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Fiat Chrysler shocked everyone last week when it announced the end of Dart and 200 production to make room for more big trucks and crossovers. Toyota made bigger shockwaves when it abruptly put down Scion, its hip fuel-conscious brand. What do these gargantuan business moves mean in a larger context? The world's big automakers don't expect fuel prices to rise too quickly anytime soon, and they're willing to bet the lot on it. Government-mandated fleet fuel economy numbers will probably prevent a return to the early 2000s heyday of giant body-on-frame sport utilities and make good incentive for manufacturers to continue developing more efficient engines, but we can expect to see a few more trucks and crossovers move off the lots this summer.
Small-car enthusiasts may benefit from short-term discounts as dealers clear their inventory out, but one has to wonder what this trend means for the future of small cars. Smaller segments were finally hitting their stride with most brands building small sedans and hatchbacks that people actually wanted to drive, and not just as a necessity anymore. Cars like the the Scion iA and the Ford Fiesta make a point for economical, fun, and refined vehicles in a small package – a real breath of fresh air after decades of barren, noisy, and boring subcompacts. After the 2008 recession and oil price shock, manufacturers scrambled to reduce their expensive sport utility lineups and build more refined small cars that the market craved. The battle to sell more compacts and subcompacts lead to the development of some world-class vehicles that because they were small and light, just also happened to be fun to drive.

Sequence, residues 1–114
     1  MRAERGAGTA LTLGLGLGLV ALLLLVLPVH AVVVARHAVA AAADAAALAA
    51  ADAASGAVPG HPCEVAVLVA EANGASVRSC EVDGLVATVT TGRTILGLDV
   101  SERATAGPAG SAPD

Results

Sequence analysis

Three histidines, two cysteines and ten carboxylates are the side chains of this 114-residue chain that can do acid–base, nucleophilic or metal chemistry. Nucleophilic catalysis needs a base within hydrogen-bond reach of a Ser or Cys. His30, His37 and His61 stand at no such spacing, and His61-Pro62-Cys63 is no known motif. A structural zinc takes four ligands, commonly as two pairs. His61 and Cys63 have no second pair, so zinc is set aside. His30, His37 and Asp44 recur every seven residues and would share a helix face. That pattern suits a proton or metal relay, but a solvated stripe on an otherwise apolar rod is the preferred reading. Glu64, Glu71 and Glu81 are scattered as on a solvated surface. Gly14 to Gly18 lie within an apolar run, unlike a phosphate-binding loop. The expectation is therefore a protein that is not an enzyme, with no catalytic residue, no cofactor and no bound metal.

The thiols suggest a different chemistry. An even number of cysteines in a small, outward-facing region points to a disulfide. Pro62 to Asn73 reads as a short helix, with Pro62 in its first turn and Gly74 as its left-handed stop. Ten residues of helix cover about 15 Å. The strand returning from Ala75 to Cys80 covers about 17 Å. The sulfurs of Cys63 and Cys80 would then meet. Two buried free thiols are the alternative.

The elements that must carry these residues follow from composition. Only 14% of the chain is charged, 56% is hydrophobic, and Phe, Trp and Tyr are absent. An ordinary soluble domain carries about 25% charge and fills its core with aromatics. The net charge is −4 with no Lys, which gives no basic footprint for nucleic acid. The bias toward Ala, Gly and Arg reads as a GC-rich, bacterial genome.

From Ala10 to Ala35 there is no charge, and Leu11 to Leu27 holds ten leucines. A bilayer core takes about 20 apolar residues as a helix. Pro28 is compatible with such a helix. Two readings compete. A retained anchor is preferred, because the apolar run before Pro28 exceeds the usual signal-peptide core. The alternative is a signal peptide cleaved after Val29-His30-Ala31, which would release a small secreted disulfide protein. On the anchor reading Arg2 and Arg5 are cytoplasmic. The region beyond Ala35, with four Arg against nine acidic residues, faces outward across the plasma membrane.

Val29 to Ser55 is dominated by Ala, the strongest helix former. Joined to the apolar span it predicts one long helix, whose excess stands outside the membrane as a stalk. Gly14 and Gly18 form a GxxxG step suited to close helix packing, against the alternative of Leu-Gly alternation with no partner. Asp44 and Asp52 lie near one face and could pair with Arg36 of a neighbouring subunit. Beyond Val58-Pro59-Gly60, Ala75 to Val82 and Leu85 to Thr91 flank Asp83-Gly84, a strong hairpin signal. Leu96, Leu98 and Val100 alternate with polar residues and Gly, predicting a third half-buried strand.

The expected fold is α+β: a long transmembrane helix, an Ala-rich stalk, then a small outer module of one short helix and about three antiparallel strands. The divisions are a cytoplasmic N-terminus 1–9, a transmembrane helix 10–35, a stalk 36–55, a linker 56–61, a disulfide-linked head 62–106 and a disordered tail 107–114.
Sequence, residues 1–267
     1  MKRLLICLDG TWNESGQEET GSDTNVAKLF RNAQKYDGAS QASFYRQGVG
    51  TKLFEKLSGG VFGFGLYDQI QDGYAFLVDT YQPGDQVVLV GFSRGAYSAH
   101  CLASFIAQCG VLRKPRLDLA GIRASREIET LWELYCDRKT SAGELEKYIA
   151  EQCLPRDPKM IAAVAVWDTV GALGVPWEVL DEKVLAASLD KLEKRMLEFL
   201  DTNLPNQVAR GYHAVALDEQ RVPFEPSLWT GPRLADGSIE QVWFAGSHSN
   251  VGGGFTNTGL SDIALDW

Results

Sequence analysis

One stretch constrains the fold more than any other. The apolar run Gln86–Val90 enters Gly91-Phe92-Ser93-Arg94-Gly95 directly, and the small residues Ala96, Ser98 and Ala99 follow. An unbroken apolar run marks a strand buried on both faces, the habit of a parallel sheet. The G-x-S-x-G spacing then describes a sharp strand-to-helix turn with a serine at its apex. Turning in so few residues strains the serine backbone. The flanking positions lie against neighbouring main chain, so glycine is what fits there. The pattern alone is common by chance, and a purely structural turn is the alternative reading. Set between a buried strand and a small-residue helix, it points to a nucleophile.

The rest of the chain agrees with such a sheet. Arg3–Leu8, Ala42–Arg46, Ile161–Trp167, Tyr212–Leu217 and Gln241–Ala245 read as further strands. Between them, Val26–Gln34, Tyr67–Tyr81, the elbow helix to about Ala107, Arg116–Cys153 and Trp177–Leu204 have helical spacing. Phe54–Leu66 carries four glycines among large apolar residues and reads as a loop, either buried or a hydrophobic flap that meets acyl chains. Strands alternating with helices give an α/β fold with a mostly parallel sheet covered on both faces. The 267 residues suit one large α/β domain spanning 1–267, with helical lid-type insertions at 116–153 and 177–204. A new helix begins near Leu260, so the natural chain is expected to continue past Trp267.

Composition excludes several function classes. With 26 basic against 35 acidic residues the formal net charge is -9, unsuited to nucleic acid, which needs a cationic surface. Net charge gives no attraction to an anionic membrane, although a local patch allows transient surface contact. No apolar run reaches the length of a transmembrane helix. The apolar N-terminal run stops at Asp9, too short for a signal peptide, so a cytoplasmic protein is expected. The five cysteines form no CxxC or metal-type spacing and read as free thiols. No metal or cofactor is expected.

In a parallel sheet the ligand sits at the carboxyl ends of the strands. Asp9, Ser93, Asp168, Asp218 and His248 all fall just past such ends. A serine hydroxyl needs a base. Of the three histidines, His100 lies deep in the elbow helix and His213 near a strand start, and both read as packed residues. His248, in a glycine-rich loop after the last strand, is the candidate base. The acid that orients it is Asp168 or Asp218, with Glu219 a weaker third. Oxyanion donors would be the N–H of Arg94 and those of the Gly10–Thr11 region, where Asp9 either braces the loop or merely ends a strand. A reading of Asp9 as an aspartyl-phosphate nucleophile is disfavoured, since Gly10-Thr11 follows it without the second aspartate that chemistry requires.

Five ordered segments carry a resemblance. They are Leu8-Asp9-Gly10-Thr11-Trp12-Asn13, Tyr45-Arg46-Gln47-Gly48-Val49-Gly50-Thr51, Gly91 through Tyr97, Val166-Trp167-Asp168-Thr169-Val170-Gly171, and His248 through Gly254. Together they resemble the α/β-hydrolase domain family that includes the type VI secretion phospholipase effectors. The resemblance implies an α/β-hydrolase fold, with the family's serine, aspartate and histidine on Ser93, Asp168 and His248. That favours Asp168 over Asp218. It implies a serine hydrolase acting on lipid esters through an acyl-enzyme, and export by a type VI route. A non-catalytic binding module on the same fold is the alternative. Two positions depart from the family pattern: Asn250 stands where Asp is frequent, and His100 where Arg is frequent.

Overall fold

The race for good small crossovers brought other brands to the fight against the CR-V, RAV4, and Forrester. As the economic ocean swings back the other way, let's hope they remember their prior blunders and decide to build both good large vehicles and small ones alike. Let's also hope they keep building affordable cars that are fun and comfortable to drive. All one has to do to know that the tide makes its way back around is read an almanac.